After countless hours in the practice room, you’ve finally managed to transcribe one of your favorite players. You figured out a particular line that caught your ear, and now you’re learning it in all keys. You’re making great progress! But even after all this work, when you go to improvise you’re still playing the same old stuff. What happened? Where’s the language you’ve been working so hard on?
There’s nothing more frustrating than working on a line until you’re blue in the face, and not having it appear when you improvise.
Now, on rare occasion, language you transcribe does in fact get into your playing purely by osmosis. You go to improvise and it’s just there. But more often than not, the stuff you transcribe never quite makes it into your vocabulary, unless you take extra steps toward doing so.
Today, we’re going to explore some exercises you can practice to ensure that you’re not transcribing just to transcribe, but instead, adding to your reservoir of musical ideas: Your Jazz Vocabulary.
Why lines you transcribe never show up when you improvise
I know how it goes, all too well.
You put in hours, months, or even years…all this work, and for what?!?!?!
I thought I was just supposed to transcribe and then I’d have language at my disposal…
You learn a ton from transcribing. Sound. Feel. Articulation. Phrasing. Language. And a whole lot more…But, you do not magically acquire all that language and become fluent with it in all situations.
If it’s this flexibility you’re after, you have to first ask yourself a few questions…
How did you transcribe the line?
Are you transcribing with the recording and learning it note by note on your instrument, or just getting the notes?
There’s nothing wrong with transcribing a line or solo by getting one note at a time and writing it down, but, you will learn over 10X the amount if you learn the line by ear, with your instrument, without writing it down until you’ve completed it.
Why? Because forcing yourself to transcribe the line by ear and retain it without writing it down makes you repeat it over and over while you’re learning it. Each time you repeat the line, you’re ingraining it on a deeper level and paying more attention to the minute details within the music.
How well do you know the line?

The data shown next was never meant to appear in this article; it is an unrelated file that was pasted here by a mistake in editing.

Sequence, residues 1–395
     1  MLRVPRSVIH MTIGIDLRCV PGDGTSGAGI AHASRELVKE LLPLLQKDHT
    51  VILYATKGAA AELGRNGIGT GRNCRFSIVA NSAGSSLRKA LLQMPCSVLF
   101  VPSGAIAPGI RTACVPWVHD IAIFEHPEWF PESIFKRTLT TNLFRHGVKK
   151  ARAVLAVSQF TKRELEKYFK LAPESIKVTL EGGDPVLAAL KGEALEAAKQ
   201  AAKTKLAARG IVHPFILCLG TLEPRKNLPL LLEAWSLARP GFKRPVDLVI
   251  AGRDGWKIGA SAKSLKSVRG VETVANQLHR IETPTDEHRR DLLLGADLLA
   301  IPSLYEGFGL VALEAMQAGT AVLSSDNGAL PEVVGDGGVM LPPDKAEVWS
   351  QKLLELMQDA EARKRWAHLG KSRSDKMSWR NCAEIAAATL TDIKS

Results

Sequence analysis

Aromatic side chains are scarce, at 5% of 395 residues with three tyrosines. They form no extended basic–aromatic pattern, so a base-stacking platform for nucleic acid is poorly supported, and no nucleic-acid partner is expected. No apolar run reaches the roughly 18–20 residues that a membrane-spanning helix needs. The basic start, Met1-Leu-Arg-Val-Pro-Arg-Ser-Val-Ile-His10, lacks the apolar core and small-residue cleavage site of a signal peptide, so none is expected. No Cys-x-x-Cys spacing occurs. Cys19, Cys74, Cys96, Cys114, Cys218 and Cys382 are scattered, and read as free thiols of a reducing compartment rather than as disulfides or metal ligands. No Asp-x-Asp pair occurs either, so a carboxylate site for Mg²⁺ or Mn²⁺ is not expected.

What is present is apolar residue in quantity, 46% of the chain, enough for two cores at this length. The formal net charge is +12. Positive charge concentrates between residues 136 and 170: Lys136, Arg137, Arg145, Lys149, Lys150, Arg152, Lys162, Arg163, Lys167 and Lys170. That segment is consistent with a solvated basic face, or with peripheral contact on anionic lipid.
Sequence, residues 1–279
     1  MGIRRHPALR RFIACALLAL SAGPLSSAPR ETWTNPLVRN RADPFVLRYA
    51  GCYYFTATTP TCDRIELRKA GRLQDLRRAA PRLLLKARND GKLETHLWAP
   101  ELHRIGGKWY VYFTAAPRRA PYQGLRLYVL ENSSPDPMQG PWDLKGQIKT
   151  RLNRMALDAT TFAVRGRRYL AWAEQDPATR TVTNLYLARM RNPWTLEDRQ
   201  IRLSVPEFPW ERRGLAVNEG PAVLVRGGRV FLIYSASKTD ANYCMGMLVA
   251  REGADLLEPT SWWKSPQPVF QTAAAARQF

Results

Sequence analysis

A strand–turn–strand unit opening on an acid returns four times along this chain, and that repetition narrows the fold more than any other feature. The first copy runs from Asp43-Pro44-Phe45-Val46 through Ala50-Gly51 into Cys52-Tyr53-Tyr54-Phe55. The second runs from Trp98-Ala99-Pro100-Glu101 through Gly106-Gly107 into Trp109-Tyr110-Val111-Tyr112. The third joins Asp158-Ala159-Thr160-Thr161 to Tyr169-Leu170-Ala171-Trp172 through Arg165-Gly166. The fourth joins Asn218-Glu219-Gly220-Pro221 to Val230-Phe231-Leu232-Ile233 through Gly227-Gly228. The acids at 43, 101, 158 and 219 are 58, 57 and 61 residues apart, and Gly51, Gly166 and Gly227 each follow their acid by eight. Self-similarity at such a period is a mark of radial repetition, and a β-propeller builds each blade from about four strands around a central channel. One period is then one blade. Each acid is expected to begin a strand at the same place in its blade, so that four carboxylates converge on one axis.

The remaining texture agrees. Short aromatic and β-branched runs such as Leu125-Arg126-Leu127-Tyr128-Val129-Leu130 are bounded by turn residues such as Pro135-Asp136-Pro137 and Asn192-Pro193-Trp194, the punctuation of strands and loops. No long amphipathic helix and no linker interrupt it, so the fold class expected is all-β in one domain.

Do you understand what’s going on in the line? Harmonically? Melodically? Rhythmically? Can you play the line in all keys without any effort?
You have to know the line inside and out. Backwards and forwards. If you have to think to use it, you won’t be able to improvise with it.
By understanding the concepts within the line and slowly practicing the line in all keys, you’ll begin to know the line on the high-level needed to use it without any effort.
What’s your approach to integrate new vocabulary?
What’s your process for taking language into your improvisational arsenal? Do you just transcribe and hope for the best? Do you learn lines in all keys? Do you have any process for this beyond that?
Chances are, you don’t have a process for integrating new vocabulary, which is one of the primary reasons the lines you work on don’t show up in your improvisation.
But not to worry. In this article, we’ll detail exactly what you can do to create and add to your process for integrating new jazz vocabulary.
The mental, aural, and physical prep work
Before a line becomes a part of your vocabulary, you need to have mastered it on a mental, aural, and physical level. If you go through this prep work, it will make it much easier for you to integrate the language into your jazz vocabulary.
The Mental Aspect:
- Do you understand the harmonic concept behind the line?
- Do you know all the chord-tones in the line and how they travel from one to the next?
- Can you “think through” the line in different keys?
Visualization plays a pivotal role in ingraining language. Make sure to visualize the language until it’s perfectly clear in your mind. If you can’t clearly visualize the line, it’s going to be very difficult to play it.